Prime Minister Binyamin Netanyahu’s aides fended off criticism from the Knesset of his handling of the agreements with the UAE and Bahrain on the eve of the formal signings on Tuesday at the White House.
Responding to criticism that the Knesset has not been informed of the details of the normalization with the UAE, an Israeli official with the PM’s delegation in Washington said that “this is standard procedure. First we sign, and then it is brought before the cabinet for approval followed by the Knesset. That is how it was in the past as well.”
There will be two separate signings, one for the UAE, one for Bahrain.
An Israeli official said that Netanyahu will be signing a “peace treaty” with the UAE, and a “declaration of peace” with Bahrain, though it was not immediately clear what the difference was.
The official declined to comment as to whether the agreements will include Israeli commitments regarding the Palestinian issue.
“There’s a lot of sensitivity because we’re talking about four players here, and as such, the details will not be released beforehand,” he said.
Despite the fact that Israeli officials have been referring to the UAE agreement as a “peace treaty,” the official admits that “the difference between this agreement and the ones with Jordan or Egypt is that it does not end a state of war,” the times of Israel quoted him as saying.
Refusal to divulge more information about the contents of the documents to be signed has made room for critical comment from those who claim to know.
The head of the left-wing Meretz party Nitzan Horowitz claimed on Monday that “I learned from official sources that there is an official agreement to freeze building in the territories in exchange for normalization [with Bahrain and UAE].”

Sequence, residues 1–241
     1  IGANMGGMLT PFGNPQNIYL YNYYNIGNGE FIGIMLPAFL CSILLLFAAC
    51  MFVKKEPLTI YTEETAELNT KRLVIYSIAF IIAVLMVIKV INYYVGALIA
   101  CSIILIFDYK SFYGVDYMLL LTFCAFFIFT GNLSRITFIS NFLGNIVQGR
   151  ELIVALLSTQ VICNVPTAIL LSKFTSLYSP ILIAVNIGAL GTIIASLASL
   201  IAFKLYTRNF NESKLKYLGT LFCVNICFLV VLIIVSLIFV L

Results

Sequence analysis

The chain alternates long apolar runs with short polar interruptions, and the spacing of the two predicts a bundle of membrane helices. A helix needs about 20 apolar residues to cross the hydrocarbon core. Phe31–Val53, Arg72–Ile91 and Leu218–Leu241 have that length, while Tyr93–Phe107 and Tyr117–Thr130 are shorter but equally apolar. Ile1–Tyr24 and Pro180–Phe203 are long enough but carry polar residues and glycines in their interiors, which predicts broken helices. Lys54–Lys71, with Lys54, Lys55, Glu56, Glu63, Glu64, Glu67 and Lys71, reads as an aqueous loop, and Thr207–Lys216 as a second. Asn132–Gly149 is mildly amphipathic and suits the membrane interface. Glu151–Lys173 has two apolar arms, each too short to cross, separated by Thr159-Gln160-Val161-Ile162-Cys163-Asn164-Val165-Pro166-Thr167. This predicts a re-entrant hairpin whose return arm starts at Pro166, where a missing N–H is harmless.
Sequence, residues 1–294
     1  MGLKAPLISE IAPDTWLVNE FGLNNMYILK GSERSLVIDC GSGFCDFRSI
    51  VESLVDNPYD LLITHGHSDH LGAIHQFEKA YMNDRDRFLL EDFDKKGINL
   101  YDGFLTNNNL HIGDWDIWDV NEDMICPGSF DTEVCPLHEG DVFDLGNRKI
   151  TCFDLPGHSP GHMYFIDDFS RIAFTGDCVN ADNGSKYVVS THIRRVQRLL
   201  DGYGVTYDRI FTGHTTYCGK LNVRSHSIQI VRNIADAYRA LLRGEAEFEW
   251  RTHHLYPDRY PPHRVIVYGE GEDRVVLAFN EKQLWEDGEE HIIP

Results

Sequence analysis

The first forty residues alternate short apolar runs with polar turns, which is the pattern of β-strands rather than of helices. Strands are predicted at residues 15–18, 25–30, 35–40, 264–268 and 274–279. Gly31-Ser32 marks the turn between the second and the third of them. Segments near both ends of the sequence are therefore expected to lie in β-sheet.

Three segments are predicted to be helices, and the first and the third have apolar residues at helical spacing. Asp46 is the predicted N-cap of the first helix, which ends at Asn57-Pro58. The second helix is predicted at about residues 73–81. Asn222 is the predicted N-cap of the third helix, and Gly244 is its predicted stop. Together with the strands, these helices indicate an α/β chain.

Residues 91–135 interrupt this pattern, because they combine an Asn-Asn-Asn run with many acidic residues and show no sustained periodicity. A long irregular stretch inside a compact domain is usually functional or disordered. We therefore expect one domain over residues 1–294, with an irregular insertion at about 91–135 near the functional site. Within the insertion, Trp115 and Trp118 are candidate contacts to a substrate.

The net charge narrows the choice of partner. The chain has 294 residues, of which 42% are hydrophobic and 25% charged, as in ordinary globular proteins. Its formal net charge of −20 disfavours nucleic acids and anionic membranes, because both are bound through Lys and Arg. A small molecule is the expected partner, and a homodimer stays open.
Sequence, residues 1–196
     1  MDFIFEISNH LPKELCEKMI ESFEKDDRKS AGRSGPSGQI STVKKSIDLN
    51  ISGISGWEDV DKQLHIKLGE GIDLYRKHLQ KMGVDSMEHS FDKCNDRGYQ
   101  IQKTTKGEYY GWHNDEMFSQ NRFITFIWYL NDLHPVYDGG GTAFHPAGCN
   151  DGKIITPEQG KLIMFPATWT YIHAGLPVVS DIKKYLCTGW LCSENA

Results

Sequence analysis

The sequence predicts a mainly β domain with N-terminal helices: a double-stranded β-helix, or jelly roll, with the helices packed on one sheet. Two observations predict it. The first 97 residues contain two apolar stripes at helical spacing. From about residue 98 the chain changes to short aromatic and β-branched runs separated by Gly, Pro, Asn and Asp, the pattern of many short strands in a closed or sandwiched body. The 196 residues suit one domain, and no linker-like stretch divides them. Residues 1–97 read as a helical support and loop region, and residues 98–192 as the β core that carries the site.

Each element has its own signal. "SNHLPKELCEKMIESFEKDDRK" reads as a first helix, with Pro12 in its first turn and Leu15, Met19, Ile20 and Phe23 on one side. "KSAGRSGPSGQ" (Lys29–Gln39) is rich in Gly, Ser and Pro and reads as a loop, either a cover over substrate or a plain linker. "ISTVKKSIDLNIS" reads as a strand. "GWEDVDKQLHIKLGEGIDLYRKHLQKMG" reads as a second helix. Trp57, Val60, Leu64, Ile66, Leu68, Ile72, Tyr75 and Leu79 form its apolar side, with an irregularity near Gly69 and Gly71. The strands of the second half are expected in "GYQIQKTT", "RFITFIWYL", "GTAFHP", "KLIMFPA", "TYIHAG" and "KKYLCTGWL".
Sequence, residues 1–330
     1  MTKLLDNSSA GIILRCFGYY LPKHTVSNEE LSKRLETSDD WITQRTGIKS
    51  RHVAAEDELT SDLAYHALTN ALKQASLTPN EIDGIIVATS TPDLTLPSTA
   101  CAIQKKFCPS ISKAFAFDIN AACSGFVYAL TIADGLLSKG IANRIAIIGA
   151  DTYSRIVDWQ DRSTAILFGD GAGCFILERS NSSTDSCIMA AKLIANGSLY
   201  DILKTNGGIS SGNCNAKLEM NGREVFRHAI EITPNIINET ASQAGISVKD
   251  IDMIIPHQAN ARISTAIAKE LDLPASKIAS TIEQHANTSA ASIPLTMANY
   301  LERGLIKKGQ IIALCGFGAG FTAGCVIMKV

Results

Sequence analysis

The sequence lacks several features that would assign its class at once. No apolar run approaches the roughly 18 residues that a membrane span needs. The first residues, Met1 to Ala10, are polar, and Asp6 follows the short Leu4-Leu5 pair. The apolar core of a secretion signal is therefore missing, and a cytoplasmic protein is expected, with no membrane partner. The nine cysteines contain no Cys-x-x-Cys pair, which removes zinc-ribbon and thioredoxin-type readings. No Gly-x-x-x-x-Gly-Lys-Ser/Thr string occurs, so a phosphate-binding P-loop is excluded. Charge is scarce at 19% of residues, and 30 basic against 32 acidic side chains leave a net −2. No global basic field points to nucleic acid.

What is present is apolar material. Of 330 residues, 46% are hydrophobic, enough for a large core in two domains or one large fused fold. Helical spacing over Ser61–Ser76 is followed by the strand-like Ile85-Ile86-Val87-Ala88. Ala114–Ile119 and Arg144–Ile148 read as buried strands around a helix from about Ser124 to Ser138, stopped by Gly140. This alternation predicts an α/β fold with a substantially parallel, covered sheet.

“Tomorrow’s document will be signed in Washington between the prime minister and the foreign ministers of Bahrain and the Emirates. Many will ask why these documents were not given to the Knesset for review or why a discussion was not held in the [Knesset] Foreign Affairs and Defense Committee,” Horowitz said.
“Netanyahu is hiding these documents because he has something to hide,” Horowitz charged.
A source in Netanyahu’s entourage scoffed that “Horowitz’s sources as a politician are worse than the ones he had when he was a journalist.”
However, MK Bezalel Smotrich of the right-wing Yamina argued that Horowitz didn’t need sources to make his claim. Smotrich pointed out that the Higher Planning Council for Yehuda and Shomron had not convened for almost seven months.
“The facts of the matter are the most essential proof,” Smotrich said. “The facts are that for the first time since the end of the Obama administration, Netanyahu has prevented the convening of the Higher Planning Council for over half a year, thereby effectively freezing planning. When there is no planning, then very quickly, there is no building,” he tweeted.
Smotrich joined Horowitz in calling for publication of the details of the documents to be signed Tuesday as a means of demonstrating that he has not adopted the philosophy of exchanging “peace for a freeze and the relinquishment of territory.”